Thank you for your support. We have the following options available as donation opportunities from our website. If none of the donation opportunities below include programs which you are interested in supporting, you may contact us at (415) 392-4400 to find out about more donation opportunities.
Chanticleer lives its commitment every day to virtuosity in voice, education of our youth and creation of new choral music. Thanks to generous individuals like you, Chanticleer has remained steadfast in these pursuits. Our touring, recording and ticket revenue only covers a portion of our expenses and we rely on you, our generous and devoted patrons, to make up the difference.Donate
Humanities West presents a wide-ranging series of lectures and performances encompassing the fine arts, social history, music, politics, and philosophy of the arts. Since 1983 these interdisciplinary programs have been designed to entertain and educate diverse audiences in an effort to illuminate and elevate the human spirit through exploration of the many sources of modern culture.
Each season Humanities West presents a number of programs in which leading scholars and artists present lectures, performances, readings and discussions to audiences in San Francisco's Marines' Memorial Theatre. These one- or two-day events represent an opportunity unique not only to the Bay Area, but also to the entire United States. In cooperation with other institutions, such as the Mechanic's Institute Library and the Commonwealth Club of San Francisco, additional public lectures and panels are presented to further expand upon program topics.
Lamplighters Music Theatre
Lamplighters Music Theatre was founded in 1952 to produce the comic operas of librettist W.S. Gilbert and composer Arthur Sullivan, and is now recognized as one of the world’s pre-eminent Gilbert & Sullivan companies. The Lamplighters’ repertoire includes all the surviving works of these creative geniuses, as well as comic operas and classic musicals by other composers that exemplify their artistic vision. The hallmarks of a Lamplighters production are lavish costumes and sets, live orchestra, excellent comic acting, and gorgeous unamplified singing that showcases the beauty and purity of the human voice.Donate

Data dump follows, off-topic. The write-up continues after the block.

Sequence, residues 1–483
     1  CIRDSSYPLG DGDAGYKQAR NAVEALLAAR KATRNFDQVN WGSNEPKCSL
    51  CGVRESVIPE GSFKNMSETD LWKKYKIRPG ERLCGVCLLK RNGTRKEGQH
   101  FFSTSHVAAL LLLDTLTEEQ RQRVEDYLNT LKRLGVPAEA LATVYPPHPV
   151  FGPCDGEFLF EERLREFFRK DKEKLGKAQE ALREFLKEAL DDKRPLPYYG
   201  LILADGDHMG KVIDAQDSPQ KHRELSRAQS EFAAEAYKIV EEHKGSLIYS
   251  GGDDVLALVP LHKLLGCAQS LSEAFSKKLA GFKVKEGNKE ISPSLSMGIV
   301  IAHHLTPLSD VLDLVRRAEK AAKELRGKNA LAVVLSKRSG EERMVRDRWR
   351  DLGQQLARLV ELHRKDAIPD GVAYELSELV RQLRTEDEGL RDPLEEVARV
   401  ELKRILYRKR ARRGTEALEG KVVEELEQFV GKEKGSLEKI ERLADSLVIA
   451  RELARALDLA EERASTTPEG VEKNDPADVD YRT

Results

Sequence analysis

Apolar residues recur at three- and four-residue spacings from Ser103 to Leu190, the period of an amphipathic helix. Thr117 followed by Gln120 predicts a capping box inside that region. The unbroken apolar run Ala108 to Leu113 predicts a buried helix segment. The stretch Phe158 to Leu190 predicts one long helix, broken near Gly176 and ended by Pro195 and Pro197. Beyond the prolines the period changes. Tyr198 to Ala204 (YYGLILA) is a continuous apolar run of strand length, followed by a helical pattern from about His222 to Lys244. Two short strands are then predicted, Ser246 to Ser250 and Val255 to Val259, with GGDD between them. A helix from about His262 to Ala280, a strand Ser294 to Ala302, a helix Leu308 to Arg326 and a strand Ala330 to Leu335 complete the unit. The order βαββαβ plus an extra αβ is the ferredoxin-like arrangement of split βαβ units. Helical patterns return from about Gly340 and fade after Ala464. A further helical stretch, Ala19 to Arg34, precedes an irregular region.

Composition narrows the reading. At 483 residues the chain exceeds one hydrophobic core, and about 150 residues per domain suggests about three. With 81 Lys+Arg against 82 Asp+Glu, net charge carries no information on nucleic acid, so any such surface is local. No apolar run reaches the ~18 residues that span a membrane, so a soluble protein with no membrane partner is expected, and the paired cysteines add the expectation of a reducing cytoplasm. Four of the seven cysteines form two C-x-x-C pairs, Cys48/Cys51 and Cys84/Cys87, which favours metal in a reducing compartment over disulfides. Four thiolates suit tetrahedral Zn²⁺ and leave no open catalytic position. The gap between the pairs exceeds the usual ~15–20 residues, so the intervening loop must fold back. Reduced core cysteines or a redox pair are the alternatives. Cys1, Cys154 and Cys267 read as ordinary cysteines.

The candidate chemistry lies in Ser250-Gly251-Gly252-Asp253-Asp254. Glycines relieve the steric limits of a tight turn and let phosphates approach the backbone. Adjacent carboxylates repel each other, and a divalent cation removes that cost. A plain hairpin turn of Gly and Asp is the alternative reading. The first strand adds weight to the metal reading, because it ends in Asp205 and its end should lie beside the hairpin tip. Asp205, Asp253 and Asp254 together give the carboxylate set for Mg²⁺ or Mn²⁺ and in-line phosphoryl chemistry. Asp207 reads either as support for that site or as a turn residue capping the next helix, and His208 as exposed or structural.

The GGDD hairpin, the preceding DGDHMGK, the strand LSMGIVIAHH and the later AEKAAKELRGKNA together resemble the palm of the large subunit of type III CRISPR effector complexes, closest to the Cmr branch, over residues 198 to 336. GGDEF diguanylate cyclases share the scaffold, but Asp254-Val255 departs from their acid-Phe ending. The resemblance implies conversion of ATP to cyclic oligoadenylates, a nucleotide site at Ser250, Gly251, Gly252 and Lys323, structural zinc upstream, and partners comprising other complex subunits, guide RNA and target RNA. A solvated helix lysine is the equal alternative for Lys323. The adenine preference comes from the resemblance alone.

San Francisco is a city built on art.
A city where the Stock Exchange boasts a Diego Rivera mural, where the first art school opened only 20 years after the Gold Rush, where the Beats emerged from the counterculture to transform an entire generation.
A love of the arts may run deep in our city, but the arts don’t stay alive by themselves. They need support. They need audiences. And more than ever, they need a home.
The Presidio Theatre provides a community-oriented space for the performing arts in an increasingly expensive city. We rely on the generous support of people like you to continue on our mission.
San Francisco Gay Men's ChorusDuring the fall of 1978, a call went out to men in and around the Castro who liked to sing inviting them to a gathering with the purpose of possibly creating a chorus. The driving force was Jon Sims, the conductor of the Freedom Band. October 30 was chosen as the date of the first “rehearsal” to be held at Everett Middle School. The word went out and flyers were posted around the neighborhood.
Interest mounted leading up to that first gathering held at Everett Middle School. Around 100 men showed up on the first night. The atmosphere of excitement was described as palpable. The men sang “If They Could See Me Now” and “Stouthearted Men.” Jon Sims conducted the first couple of rehearsals, planning to call the group “Men About Town.” Other suggested names for the group (seriously) were Foggy City Chorus and Homosexual Choir (“gay” was still considered denigrating). After a few weeks, Dick Kramer was brought on to conduct the new group, and thankfully, they settled on the San Francisco Gay Men’s Chorus as their name. It turned out to be a fortuitous decision. A small group of singers did keep the name “Men About Town.” By the way, the original name of the San Francisco Lesbian/Gay Freedom Band was the San Francisco Gay Freedom Day Marching Band and Twirling Corps.
The rest of the story is now legendary and suitable for movie scripts. At the fourth rehearsal, on November 27, having spent the day with the news of Harvey Milk and George Moscone’s assassinations, the singers showed up to rehearsal grief-stricken and in shock. Dick Kramer passed out Mendelsohn’s “Thou, Lord our Refuge.” The group then set out from there to the steps of City Hall for the candlelight vigil where they performed for the very first time. Little did the men who gathered more than 40 years ago know they were actually giving birth to a world-wide LGBT choral phenomenon that now boasts hundreds of choruses around the globe. Donate